The first is tackling antizionist antisemitism .

Following our extensive reporting of antisemitism , our observation in LAAS is that contemporary antisemitic discourse centres around those claiming only to be ‘antizionist’. However, antizionism is at the heart of the issue – and, in our experience, is without fail antisemitic. Thus, without tackling antizionist antisemitism , ‘tearing antisemitism  out by its roots’ is frankly doomed to failure. While internally within the Jewish community there will always be a small minority with antizionist views, the vast majority identify as Zionist, with 93% saying Israel plays a central part in their identity. Antizionist antisemitism  harms them deeply and multiple ways[3].

What must be done?

Firstly, the party must sever all ties with the Palestine Solidarity Campaign (PSC). It is astonishing that a group so evidently steeped in antisemitism  is welcome within any antiracist movement; all the more so that this group is afforded so much influence within Labour policy on Israel that two out of the three leadership candidates in the last leadership elections backed the PSC pledges[4]. One of the candidates, Lisa Nandy, is now shadow Foreign Secretary[5].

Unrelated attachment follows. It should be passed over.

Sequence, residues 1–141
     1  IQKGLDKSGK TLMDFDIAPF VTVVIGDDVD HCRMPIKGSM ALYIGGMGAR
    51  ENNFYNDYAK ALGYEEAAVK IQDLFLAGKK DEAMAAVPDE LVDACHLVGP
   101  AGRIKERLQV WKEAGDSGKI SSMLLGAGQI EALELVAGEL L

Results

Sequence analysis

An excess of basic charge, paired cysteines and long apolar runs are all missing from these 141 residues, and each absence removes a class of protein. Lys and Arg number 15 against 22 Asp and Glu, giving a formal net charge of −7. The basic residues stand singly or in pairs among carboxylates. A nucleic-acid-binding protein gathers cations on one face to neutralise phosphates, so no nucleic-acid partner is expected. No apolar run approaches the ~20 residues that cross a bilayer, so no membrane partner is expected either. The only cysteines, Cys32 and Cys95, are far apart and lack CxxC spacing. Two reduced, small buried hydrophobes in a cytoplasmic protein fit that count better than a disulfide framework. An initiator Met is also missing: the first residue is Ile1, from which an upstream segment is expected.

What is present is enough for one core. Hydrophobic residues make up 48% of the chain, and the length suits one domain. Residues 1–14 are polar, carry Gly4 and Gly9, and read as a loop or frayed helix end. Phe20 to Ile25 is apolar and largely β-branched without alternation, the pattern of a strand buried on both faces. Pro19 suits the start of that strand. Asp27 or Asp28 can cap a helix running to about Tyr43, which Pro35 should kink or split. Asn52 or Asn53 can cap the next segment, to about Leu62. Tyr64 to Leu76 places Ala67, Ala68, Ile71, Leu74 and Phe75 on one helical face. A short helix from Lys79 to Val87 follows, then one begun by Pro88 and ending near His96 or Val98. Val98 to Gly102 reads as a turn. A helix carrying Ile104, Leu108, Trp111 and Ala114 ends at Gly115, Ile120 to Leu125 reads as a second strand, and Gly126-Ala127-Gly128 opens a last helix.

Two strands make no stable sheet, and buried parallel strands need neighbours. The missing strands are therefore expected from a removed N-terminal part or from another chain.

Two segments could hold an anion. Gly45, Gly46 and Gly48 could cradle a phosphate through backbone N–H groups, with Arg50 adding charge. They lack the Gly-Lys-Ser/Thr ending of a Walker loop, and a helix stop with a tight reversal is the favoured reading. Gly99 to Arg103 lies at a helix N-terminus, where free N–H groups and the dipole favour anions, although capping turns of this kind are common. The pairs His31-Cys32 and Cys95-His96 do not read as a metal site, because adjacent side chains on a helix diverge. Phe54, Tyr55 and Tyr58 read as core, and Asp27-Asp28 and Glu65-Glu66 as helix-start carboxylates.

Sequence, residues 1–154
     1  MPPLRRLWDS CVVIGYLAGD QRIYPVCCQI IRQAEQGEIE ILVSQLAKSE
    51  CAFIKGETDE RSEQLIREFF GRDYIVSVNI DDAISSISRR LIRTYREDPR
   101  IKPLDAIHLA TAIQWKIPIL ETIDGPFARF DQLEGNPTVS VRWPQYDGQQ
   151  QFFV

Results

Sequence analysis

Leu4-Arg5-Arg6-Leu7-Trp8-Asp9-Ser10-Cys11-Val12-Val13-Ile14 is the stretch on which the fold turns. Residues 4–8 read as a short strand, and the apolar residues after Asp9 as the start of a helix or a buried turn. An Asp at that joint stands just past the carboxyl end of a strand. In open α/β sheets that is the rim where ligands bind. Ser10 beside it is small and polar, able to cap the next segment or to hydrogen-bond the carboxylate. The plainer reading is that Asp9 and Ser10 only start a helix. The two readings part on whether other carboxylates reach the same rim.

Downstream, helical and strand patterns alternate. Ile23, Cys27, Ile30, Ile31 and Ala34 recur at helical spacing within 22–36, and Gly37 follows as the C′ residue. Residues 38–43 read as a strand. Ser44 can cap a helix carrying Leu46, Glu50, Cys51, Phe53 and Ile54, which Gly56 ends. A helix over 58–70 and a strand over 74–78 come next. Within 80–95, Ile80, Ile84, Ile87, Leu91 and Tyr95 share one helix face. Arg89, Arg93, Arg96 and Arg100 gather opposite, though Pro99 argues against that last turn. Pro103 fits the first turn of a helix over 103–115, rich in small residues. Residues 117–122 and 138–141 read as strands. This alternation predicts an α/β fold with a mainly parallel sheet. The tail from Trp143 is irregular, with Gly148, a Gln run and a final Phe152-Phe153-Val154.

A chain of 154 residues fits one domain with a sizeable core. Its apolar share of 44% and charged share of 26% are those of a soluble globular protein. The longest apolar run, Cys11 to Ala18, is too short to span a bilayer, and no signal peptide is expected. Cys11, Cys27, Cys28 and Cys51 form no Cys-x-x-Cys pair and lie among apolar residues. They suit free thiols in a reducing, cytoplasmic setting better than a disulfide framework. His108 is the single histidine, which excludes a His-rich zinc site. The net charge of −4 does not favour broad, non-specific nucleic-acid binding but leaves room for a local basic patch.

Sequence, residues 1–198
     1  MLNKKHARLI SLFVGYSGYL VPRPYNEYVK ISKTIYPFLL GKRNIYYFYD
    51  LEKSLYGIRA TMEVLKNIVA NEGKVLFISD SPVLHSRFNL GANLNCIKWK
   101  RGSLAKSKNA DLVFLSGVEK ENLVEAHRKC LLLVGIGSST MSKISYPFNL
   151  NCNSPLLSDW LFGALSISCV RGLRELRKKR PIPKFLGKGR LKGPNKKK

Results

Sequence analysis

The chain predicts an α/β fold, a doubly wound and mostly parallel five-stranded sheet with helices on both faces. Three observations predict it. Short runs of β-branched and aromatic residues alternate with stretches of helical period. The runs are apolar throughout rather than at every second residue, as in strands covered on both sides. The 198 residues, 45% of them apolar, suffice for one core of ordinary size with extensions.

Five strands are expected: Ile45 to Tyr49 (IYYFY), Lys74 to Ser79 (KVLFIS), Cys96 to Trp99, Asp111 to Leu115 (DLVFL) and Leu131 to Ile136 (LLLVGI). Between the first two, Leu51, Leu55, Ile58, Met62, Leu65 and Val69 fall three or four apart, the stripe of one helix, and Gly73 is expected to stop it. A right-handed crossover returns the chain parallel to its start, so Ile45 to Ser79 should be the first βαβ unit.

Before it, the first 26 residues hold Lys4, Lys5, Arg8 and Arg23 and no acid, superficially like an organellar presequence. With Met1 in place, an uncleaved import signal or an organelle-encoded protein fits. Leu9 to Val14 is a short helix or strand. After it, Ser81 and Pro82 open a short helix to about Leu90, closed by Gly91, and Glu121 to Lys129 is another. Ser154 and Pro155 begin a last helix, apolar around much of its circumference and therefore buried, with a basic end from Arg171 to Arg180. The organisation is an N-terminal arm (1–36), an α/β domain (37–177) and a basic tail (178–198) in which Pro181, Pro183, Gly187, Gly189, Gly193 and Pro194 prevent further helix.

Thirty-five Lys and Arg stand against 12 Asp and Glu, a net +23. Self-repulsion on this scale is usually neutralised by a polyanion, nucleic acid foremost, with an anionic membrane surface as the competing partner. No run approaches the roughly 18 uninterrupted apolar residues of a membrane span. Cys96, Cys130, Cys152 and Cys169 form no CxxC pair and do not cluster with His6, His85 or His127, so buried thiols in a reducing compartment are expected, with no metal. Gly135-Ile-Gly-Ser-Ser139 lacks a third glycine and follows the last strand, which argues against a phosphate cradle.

There is extensive evidence of the extreme antisemitism  within the PSC[6], which stands opposed to the International Holocaust Remembrance Alliance (IHRA) definition of antisemitism  that Labour has adopted in full.

The unions, too, have not been aligned to such overt racism since the London dockers famously came out in support of Enoch Powell. The affiliation to the PSC of every single large union within Labour must be ended without delay. It is deeply ironic that Frances O’Grady feels bound to discuss ways in which the unions need to face up to their racist past, while ignoring the flourishing racism of today[7].

Secondly, Labour must firmly close its doors to the Boycott, Divestment, Sanctions movement (BDS), whose banner of ‘social justice’ serves to disguise a darker aim: the eradication of Israel. BDS initiatives remove agency from Jewish business, students and academics in the diaspora. These have no impact on Israeli governmental policies, however they are a conduit for some of the most vicious antisemitic intimidation seen since the 1930s.